Sensitivity study of chemical effects on the compaction behavior of reservoir chalk (Dan field, Danish North Sea)

    Research output: Contribution to conferencePaperResearchpeer-review

    Abstract

    Experimental evidence has shown that water-saturated chalk specimens are weaker than oil-saturated samples. The extent of water-induced weakening does not rely only on the stress state and degree of saturation but also on temperature, brine composition, and mineralogy. Our goal is to assess chalk weakening induced by chemical interactions by performing 1-D compaction simulations under three different waterflooding scenarios in the Dan field. While scenario 2 assumes Na2SO4 brine injection, scenarios 1 and 3 simulate MgCl2 brine injected in pure and impure chalk. These scenarios are compared to a base case scenario that is representative of true reservoir compaction. In this purpose, we collect published experimental data on the yield strength of outcrop and reservoir samples. Deemed complementary with laboratory works, these modelling scenarios consider simplistic fluid compositions to assess the impact of single ions on rock compaction at the reservoir scale. Sulfate adsorption on calcite surface is the most influential parameter that could increase the total vertical strain by a factor of three. The dissolution of Opal-CT by MgCl2 also enhances compaction by promoting the plastic deformation of low-porosity rocks. Sensitivity studies at the reservoir scale of the chemical effects on chalk compaction observed in laboratory represent an important step in developing advanced chemo-mechanical models.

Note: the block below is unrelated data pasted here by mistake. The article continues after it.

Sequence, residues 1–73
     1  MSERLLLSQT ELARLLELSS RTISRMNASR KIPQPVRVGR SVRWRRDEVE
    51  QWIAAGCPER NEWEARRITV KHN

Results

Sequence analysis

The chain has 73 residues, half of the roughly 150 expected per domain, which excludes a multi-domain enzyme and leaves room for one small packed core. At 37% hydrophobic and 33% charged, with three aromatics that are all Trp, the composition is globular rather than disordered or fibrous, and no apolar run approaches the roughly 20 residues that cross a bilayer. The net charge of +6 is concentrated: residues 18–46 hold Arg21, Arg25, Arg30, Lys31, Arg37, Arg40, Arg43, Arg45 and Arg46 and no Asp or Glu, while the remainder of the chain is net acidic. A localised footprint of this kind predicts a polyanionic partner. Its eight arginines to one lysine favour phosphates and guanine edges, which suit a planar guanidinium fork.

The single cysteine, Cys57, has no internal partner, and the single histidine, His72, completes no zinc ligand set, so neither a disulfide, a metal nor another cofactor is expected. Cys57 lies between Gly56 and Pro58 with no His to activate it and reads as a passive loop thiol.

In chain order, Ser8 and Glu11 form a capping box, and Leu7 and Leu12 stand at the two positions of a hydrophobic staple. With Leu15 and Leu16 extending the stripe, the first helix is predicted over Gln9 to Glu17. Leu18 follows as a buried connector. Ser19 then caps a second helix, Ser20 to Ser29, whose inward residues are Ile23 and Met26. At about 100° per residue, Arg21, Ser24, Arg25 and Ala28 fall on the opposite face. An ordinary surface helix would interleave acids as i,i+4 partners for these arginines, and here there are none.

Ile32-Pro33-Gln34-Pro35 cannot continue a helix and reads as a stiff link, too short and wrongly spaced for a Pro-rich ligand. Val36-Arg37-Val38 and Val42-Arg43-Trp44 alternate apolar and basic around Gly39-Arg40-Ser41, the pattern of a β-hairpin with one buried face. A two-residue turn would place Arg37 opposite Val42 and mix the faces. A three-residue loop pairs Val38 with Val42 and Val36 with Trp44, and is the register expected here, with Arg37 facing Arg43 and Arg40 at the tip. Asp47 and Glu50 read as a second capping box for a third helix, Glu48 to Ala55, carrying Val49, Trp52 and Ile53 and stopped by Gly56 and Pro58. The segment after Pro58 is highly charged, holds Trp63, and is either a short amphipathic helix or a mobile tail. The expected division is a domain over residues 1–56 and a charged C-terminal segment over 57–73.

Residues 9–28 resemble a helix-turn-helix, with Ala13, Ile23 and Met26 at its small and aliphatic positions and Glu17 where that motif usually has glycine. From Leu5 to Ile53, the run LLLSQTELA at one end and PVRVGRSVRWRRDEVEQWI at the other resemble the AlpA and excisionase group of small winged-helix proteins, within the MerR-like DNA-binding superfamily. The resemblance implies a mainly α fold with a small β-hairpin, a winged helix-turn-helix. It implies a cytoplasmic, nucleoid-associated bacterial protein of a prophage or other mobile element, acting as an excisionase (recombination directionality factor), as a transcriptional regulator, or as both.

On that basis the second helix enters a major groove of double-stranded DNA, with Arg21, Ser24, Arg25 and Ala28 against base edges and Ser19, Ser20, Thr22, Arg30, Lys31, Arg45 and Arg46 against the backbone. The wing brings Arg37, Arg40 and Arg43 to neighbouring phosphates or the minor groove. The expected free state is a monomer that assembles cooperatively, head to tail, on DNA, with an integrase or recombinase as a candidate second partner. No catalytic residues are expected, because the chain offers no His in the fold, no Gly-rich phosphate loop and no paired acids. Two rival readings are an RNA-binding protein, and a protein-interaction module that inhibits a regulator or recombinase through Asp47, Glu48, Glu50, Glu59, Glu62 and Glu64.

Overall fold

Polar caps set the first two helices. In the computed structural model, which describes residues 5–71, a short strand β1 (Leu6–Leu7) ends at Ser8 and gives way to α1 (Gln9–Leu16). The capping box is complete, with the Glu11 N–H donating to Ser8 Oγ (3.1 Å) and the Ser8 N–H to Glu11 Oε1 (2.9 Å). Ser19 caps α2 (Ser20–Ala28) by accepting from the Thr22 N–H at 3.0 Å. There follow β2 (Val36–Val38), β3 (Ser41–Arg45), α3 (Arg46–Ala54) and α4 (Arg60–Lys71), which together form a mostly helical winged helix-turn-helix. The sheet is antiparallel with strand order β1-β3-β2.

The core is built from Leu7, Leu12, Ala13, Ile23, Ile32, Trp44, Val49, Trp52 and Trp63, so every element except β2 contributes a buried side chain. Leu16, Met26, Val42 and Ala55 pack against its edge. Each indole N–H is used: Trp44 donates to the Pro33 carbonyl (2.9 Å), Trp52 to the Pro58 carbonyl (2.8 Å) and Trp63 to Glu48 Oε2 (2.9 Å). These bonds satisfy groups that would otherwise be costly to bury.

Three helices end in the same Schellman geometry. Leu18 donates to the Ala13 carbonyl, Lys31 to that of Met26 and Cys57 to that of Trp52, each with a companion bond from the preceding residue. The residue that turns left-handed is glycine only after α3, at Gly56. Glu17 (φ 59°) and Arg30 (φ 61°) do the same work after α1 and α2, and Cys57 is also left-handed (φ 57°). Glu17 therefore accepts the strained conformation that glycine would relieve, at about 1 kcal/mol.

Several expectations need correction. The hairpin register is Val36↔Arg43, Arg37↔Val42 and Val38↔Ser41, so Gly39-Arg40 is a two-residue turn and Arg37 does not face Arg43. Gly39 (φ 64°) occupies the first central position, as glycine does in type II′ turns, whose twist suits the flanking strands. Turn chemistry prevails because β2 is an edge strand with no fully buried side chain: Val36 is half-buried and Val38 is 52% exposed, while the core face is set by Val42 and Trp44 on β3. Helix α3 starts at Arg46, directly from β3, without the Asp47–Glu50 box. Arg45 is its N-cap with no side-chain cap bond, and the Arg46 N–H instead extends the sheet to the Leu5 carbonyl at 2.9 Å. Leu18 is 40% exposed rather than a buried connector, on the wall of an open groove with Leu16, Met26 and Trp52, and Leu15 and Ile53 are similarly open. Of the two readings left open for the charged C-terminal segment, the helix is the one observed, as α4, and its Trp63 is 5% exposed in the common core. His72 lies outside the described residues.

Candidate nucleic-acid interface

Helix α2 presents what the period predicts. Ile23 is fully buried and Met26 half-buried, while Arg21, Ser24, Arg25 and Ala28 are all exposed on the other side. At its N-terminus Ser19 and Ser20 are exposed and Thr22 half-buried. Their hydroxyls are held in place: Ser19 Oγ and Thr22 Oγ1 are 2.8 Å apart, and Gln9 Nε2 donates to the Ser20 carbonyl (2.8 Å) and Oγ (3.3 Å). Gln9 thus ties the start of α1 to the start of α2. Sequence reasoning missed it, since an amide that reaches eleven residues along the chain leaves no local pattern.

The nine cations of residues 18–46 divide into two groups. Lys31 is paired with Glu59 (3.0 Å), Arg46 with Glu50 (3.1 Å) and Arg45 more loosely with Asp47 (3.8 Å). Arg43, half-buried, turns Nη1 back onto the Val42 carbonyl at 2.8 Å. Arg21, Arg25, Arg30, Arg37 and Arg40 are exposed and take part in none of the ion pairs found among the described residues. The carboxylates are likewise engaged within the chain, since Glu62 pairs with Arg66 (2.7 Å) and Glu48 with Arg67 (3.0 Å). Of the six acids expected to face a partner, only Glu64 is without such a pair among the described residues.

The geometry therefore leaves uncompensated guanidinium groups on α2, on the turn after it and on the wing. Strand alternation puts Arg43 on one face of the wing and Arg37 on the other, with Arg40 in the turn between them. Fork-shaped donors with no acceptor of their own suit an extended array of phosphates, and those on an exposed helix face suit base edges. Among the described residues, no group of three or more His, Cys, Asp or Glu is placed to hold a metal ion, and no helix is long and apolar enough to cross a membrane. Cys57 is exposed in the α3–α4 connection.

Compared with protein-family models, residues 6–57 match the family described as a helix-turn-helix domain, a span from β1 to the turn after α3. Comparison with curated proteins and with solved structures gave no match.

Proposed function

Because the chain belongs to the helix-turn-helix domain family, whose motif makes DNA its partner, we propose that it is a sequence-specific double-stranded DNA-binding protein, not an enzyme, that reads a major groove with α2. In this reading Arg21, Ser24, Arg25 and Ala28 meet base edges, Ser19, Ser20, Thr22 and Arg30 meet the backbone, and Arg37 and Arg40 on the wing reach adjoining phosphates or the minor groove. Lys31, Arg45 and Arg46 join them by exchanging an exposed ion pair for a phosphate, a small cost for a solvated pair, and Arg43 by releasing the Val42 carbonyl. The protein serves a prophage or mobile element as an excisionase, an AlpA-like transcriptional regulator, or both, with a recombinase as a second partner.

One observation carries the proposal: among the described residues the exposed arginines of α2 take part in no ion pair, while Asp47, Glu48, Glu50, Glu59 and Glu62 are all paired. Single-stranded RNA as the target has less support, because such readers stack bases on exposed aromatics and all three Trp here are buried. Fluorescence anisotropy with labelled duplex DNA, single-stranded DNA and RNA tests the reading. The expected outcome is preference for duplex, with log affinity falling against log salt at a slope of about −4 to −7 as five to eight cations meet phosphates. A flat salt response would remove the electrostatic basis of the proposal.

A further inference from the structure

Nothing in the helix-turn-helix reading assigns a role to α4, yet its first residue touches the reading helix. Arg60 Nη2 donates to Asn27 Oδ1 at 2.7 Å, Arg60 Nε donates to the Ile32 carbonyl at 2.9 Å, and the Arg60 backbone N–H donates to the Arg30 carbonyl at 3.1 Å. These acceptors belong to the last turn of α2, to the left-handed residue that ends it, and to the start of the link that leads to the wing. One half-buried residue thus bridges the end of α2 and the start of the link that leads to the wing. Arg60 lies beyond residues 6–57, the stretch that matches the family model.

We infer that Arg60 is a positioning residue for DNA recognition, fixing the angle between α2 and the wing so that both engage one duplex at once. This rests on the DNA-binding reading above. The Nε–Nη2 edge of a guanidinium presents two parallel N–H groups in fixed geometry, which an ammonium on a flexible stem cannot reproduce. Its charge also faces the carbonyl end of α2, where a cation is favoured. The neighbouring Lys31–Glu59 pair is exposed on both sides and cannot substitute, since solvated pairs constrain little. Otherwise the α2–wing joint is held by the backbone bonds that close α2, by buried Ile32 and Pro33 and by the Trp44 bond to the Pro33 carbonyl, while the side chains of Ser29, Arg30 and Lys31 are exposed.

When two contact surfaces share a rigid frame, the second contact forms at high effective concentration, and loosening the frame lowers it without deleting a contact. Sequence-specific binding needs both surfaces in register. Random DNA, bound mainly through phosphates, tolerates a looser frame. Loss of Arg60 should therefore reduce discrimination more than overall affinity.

Original languageEnglish
    Publication date2021
    Number of pages9
    Publication statusPublished - 2021
    Event55th U.S. Rock Mechanics/Geomechanics Symposium - Online
    Duration: 18 Jun 202125 Jun 2021
    Conference number: 55

    Conference

    Conference55th U.S. Rock Mechanics/Geomechanics Symposium
    Number55
    LocationOnline
    Period18/06/202125/06/2021

    Bibliographical note

    Paper ID: ARMA 21–1998

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